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An interview with Paul Dierze on the 2022 Sunfish North American Championship

by David Schmidt 13 Jun 08:00 PDT June 15-18, 2022
2017 Sunfish World Championship - Day 1 © Brant Beach SF Regatta Pictures

When it comes to popularity contests, there’s no question: With more than 300,000 boats produced from 1952 through today, the Sunfish is hands-down the world’s most popular One Design. The boat, originally dubbed the Sailfish, was designed in 1945 as a collective effort between Alex Bryan and Cortlandt Heyniger, then redesigned into today’s Sunfish in in the early 50s.

The one-person boat is likely best known for its distinctive lanteen sailplan, unstayed rig, flat bottom, hard chines, and cute-looking class symbol, however plenty of people also know it as a beach- and cartop-friendly boat that first exposed them to sailing.

Others know it as a competitive, cost-effective class that can deliver big grins (especially when the breeze is up) and great racing.

Take, for example, this year’s Sunfish North American Championship, which is being organized and hosted by the Hyannis Yacht Club in Hyannis, Massachusetts, and which will be contested on the waters of Nantucket Sound from June 15-18th. As of this writing, there are 40+ sailors registered from two countries, the USA (35+ boats) and Peru (three boats).

I checked in with Paul Dierze, Sunfish Class Representative, via email, to learn more about this competitive One Design regatta.

Can you please tell us a bit about the state of the Sunfish class, its current culture and competition levels, and the kinds of sailors that one can expect to encounter at this year’s North Americans?

The Sunfish class is open and welcoming to all Sunfish owners. As a PanAm-games boat we have a very competitive class that also does well in other boats.

US Sailing recognized the strength of the class this year with a finalist for yachtsman of the year in Conner Blouin (2021 NA Champion).

What kind of entry numbers are you seeing this year? Also, are there any notable geographical concentrations to this entry list?

We currently have 80 registrants with entries from Peru, Guatemala, Chile and the U.S., including Puerto Rico.

Weather-wise, what kind conditions can sailors expect to encounter off of Hyannis in mid-June? What are the best-case and worst-case weather scenarios?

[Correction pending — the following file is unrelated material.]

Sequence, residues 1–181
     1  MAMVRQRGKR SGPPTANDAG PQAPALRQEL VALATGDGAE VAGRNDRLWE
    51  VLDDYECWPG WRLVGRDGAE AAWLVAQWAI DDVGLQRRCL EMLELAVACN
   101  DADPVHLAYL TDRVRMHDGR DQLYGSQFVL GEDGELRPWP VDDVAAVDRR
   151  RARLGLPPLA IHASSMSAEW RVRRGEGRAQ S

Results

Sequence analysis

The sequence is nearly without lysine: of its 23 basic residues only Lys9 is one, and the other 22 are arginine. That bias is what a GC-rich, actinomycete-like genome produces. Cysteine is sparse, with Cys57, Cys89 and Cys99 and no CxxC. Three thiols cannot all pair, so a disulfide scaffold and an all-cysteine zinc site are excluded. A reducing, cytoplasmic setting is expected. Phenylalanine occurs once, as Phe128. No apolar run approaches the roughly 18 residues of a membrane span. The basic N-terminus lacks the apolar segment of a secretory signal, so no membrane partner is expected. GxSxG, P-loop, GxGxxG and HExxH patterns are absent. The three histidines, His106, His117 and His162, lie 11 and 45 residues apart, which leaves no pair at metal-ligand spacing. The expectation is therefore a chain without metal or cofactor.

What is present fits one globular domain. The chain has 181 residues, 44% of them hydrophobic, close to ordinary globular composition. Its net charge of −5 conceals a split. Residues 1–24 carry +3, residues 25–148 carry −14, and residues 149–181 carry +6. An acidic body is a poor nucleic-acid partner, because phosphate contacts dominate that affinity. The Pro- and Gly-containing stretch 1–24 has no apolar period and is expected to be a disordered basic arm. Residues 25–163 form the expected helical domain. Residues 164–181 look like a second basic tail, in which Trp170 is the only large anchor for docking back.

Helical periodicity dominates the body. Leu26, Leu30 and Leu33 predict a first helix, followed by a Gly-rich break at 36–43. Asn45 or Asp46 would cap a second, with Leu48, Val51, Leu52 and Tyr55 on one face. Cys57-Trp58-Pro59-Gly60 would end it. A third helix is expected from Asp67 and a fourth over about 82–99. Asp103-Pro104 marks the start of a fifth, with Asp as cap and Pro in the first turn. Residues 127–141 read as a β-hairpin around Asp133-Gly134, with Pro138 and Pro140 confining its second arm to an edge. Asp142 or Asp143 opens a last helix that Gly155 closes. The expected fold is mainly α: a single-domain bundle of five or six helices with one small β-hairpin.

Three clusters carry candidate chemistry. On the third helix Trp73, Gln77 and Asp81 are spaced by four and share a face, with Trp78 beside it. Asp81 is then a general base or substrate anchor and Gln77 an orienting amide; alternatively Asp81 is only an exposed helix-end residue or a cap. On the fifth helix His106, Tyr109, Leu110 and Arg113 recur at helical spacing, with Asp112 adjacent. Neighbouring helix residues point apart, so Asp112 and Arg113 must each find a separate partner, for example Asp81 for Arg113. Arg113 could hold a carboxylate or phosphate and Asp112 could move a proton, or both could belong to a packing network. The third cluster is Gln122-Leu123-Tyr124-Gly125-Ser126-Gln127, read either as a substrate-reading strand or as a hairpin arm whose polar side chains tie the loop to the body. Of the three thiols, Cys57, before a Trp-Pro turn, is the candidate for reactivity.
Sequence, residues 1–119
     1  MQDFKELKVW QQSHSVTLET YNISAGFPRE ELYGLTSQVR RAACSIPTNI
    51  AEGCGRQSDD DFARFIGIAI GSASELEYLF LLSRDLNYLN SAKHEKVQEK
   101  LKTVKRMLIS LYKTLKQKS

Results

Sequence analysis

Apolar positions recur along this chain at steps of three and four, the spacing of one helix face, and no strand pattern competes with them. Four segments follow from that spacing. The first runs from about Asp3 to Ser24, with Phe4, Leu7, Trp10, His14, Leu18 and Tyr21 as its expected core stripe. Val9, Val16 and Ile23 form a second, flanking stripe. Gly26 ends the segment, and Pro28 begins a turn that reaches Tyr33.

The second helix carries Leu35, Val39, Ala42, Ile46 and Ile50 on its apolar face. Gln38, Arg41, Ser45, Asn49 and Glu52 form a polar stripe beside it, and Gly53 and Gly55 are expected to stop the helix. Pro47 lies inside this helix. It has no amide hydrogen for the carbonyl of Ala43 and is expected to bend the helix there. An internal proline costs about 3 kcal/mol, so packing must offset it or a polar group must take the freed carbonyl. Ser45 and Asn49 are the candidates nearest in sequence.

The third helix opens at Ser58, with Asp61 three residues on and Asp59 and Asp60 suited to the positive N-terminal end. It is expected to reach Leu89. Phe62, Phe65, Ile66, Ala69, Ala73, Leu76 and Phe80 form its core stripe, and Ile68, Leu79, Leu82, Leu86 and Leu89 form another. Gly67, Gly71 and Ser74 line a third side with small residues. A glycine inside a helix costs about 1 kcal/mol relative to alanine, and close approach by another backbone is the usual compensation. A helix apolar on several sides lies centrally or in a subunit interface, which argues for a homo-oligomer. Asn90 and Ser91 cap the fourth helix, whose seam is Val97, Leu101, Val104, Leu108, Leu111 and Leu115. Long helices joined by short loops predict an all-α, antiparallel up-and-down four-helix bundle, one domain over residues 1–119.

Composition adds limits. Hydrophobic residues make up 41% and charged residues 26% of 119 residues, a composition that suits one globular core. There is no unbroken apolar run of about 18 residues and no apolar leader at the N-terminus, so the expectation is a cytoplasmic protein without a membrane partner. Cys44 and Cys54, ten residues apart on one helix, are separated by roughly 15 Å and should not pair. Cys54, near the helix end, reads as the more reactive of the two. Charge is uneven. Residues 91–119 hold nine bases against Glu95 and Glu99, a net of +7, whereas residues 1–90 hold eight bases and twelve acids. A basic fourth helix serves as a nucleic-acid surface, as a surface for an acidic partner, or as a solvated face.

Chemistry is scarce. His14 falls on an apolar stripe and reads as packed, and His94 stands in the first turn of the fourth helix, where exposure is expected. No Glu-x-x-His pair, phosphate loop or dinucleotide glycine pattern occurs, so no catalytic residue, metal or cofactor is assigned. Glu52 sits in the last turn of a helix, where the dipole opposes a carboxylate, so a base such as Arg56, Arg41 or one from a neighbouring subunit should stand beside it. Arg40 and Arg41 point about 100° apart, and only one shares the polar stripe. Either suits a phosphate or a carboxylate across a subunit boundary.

The conditions sailors can expect will cover the spectrum, but we expect the early afternoon seabreeze to rule.

In the ideal world, how many races do you and the other organizers hope to score? Also, how many races will you run per day?

The goal is 11 races over three days. Four, four, [and] three [races over the course of three days].

Do you see local knowledge playing a big or small role in the regatta’s outcome? Can you please explain?

Current will be a factor, but once understood [it] will have less of an impact.

If you could offer one piece of advice to visiting (and local) sailors, what would it be? Do your best and have fun! Do you have any entries that you’re eyeing for podium finishes? What about any dark horses who you think could prove to be fast, once the starting guns begin sounding?

The Peru team will be very competitive along with the other South American sailors. From the U.S., I'd look for Dan Hesse and Mike Ingham to be strong contenders coming off their recent performance in the Thistle NAs.

Other past NA winners expected to do well are Bill Bragiforte and Doug Kaukeinen. Also look out for local sailors Stuart Draheim and Sydney Karnovsky

Can you tell us about any efforts that you and the other regatta organizers have made to try to lower the regatta’s environmental footprint or otherwise green-up the regatta?

Hyannis Yacht Club is committed to reducing the amount of plastics used. Especially with single-use water bottles. [Water-bottle re]filling stations are available at the club, and will likely be available on the water as well.

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